Up until I was invited on a trip in 1998 in Japan, the concept of a BMX flatland tour was just foreign to me. One might wonder about the actual point of such a tour is (when a flatland spot is just what it is… flat ground), well... first of all, this is an incomplete definition. Two flatland spots are never the same, just like two street spots never are either. It is about the material, the size, the quality and the people who ride there or the ones you will meet there. Secondly, it is also about the journey, the location — city or not — its environment and the weather. And if you want to film a video along the way... well even with flatland, the spots end up conditioning the filming. A spot may cater to one rider more than another.
Leave home with an open mind and make the best out of diversity. On tour, time is running and you better not expect a second chance, so do it now or never as it creates incredible moments. BMX brings us there, but it’s more than BMX, more than flatland, it’s a human adventure. It’s been said before but get in the fucking van and you will understand the value of such experience.
So, ever since HERESY started in 2010, I thought about touring. However, because of budget reasons, it was not an option. Instead we met a few times in a couple different cities and made videos over the course of 3 or 4 days usually, with whoever from the crew was available at the time. It always turned out to be fun and productive, regardless of the weather conditions we had to deal with. No wait, the conditions actually played a part in the process of making videos we would not forget. Would we ever cross the entire city by subway and pedal two miles under pouring rain to ride beneath that dirty highway bridge just to ride? Definitely yes! But filming clips there got extra value as the elements ruined all chances to film anywhere else within that time frame.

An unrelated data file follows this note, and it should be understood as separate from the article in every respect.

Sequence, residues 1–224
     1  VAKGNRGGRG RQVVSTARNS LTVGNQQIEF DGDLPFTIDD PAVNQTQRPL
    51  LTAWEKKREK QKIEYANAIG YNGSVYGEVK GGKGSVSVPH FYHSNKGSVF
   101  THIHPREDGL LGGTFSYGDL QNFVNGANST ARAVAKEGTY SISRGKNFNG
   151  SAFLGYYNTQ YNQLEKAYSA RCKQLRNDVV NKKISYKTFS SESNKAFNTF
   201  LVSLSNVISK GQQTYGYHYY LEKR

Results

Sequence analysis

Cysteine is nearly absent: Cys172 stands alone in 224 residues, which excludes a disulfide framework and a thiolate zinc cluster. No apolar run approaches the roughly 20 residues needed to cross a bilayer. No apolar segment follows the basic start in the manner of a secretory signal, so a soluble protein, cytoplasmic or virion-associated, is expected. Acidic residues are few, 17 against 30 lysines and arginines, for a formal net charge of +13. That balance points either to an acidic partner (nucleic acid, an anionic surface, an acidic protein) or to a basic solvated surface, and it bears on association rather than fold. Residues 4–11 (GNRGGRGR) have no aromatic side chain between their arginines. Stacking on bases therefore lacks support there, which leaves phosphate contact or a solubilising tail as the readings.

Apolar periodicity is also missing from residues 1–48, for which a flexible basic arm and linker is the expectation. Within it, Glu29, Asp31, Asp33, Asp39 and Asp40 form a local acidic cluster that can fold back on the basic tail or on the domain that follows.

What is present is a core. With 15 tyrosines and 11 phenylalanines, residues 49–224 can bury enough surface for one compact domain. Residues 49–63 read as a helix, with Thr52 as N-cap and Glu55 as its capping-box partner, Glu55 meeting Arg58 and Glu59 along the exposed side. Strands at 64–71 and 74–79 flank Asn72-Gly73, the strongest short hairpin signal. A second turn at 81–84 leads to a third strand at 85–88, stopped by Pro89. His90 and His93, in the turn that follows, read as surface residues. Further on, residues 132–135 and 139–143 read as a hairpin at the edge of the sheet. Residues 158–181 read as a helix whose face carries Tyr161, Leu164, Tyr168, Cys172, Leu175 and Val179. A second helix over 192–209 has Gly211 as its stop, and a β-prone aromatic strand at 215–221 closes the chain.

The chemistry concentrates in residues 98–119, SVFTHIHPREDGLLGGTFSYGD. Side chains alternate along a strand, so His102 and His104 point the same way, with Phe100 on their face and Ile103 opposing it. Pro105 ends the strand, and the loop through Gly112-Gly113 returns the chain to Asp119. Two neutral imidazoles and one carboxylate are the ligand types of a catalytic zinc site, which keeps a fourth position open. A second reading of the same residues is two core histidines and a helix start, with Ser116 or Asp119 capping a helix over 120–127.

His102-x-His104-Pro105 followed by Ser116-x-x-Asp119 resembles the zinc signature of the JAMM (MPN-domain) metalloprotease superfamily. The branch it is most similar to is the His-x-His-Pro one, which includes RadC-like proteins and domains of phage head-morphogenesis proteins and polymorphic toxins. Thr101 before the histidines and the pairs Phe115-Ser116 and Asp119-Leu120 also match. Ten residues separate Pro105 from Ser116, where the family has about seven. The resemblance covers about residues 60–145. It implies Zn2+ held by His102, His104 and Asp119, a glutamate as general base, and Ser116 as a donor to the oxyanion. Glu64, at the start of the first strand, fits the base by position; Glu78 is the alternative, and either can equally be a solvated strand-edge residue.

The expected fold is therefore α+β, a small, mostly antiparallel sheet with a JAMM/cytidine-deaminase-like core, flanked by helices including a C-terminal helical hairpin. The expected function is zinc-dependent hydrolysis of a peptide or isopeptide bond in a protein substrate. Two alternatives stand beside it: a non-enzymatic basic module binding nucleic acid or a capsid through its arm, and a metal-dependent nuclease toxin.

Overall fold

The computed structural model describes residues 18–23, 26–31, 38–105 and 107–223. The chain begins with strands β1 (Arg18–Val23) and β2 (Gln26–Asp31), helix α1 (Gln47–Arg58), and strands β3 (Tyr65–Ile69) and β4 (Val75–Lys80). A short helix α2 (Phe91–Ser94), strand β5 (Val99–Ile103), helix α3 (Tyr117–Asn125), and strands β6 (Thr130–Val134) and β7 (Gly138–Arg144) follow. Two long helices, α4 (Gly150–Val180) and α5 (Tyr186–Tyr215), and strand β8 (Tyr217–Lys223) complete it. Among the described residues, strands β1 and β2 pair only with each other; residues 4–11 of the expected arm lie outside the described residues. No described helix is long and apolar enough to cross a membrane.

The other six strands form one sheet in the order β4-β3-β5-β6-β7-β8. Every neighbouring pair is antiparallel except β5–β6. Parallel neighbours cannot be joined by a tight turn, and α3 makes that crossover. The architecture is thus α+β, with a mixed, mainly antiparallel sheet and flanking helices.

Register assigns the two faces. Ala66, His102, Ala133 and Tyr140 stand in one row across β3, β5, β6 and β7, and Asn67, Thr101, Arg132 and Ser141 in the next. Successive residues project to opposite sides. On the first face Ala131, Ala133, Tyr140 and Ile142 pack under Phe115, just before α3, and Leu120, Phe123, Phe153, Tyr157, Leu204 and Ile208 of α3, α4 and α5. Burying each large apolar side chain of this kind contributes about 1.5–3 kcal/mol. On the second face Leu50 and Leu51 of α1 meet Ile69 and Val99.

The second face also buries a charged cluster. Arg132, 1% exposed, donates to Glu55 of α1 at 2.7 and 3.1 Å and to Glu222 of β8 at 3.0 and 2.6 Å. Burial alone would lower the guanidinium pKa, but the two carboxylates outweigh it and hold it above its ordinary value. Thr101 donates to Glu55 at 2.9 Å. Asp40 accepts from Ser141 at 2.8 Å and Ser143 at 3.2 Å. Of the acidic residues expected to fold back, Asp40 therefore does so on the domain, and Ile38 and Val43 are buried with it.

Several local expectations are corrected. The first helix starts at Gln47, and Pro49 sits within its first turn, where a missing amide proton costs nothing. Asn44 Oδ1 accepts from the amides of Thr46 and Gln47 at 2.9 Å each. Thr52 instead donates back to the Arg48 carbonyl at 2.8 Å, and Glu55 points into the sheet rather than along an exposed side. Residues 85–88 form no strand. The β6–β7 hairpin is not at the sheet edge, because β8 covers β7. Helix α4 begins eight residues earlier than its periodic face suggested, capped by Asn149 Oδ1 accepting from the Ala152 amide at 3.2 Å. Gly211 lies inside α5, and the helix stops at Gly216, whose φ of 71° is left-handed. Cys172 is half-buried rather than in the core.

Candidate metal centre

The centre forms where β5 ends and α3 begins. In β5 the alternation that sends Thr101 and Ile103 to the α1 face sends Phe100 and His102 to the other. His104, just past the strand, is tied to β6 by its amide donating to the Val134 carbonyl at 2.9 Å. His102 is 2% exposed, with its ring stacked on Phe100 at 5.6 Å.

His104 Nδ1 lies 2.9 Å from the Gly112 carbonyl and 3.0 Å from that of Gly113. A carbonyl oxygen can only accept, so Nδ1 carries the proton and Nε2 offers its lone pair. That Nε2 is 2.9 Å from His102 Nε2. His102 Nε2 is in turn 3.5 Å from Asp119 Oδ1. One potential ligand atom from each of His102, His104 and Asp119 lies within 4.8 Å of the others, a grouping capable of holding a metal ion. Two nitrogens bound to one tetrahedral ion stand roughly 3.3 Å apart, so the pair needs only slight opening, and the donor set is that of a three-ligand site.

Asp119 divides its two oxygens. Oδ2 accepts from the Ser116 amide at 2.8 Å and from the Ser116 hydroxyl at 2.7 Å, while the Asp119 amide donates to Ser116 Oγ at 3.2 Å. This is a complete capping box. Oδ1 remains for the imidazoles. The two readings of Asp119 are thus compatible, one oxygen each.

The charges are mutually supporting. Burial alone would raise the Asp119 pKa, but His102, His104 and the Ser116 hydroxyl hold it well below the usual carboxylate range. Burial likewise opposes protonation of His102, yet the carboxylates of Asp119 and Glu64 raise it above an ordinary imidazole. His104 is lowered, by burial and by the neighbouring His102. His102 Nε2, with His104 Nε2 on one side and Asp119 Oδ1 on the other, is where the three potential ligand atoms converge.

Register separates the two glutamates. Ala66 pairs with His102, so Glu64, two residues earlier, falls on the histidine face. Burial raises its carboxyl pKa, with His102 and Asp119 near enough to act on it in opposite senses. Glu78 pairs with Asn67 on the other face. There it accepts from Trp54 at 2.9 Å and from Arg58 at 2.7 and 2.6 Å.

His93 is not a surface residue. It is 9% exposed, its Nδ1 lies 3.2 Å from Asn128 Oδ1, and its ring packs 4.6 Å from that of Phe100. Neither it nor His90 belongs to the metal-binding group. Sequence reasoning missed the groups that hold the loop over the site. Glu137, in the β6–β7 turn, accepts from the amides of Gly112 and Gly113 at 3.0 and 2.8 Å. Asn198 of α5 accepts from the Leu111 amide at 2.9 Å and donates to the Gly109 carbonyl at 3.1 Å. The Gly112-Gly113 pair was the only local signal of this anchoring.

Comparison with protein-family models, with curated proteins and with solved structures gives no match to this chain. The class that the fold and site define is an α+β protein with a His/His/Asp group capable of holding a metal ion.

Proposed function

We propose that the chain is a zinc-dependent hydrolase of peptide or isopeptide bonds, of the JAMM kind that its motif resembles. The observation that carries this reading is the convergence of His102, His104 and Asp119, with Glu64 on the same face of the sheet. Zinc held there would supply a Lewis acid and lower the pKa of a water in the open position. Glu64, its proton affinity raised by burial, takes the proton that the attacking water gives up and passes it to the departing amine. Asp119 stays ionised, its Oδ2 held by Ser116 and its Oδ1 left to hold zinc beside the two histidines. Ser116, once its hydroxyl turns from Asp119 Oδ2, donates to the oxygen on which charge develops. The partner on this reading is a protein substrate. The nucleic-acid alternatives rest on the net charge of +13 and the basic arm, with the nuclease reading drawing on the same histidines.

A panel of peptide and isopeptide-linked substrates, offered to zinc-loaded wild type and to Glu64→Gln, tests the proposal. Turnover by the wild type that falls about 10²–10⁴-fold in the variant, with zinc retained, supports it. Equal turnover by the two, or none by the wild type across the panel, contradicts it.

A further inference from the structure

Weird one. We show up to our very first spot, the square in front of the new Arena hall in Bordeaux, recommended by Michaël. We are just getting ready to start riding. I hear Michaël next to me say "oh no" in a low voice. Now there’s guy who could be a security guard walking to us. But surprisingly, as I see his face, I notice that he is a long time friend of mine and one of the main guys running that new concert hall. He had no idea I was here and I had no idea he worked there either. He used to ride BMX he just came down from his office to say hi to the group and let us know we could film, if we're kind enough not to grind the fences. Well, it was no one’s intention to grind spectators chest high rails in front of the hall entrance anyway, not even mine haha. It was an unreal scene and a sign the trip would be special.
So finally, this year we could plan something and plan it in summer weather too - one week, in September, in the south of France. With only a few stops planned (Bordeaux, Toulouse and Montpellier/Baillargues - the scenes of the moment), we hoped to have luck on our side from the start. The idea was also to limit the distances and drive as little as possible everyday to have plenty of time at all stops (unfortunately we had to skip Lyon as it was not on our way). We had 3 jams scheduled with the locals and also planned to have days solely dedicated to riding together and filming a team edit. It included two full days between the Toulouse and Baillargues stops. In Onet-le-Château, Matthieu’s Bonnécuelle small hometown in the beautiful region of Aveyron, Matthieu could get the keys to the main public hall where we would be able to finally do some 'studio' style filming, something we had in mind for the two past winters but could never realise due to conflicting schedules. GROUP ASPHALTANIC RITES was filmed in four days in Bordeaux, Agen, Toulouse and Onet-le-Château.
Having jams along the way really added some extra taste to the trip. Meeting the locals was essential as we visited cities we usually never travel to. It’s just nice to see all generations of riders mixing up for some good times, all on the same spot. Some ride everyday, some once a month but it doesn’t matter one second when everyone decides to join the jam. In Toulouse we even had two french street legends, Daniel Mini and Nicolas Cambon! The tour ended at Alex Jumelin’s flat school in Baillargues. The place is unique. Kids everywhere, excited to ride — or play hide and seek as the night comes. George asked himself if it was even real. And sure it was. All year long, Alex passes on his love for riding to these amazing kids. There is hope in Baillargues. And there we came playing Black Sabbath and Entombed, riding pegless in the case of George, doing what we do… And we were greeted with smiles and excitement. Thanks kids.
Until next time…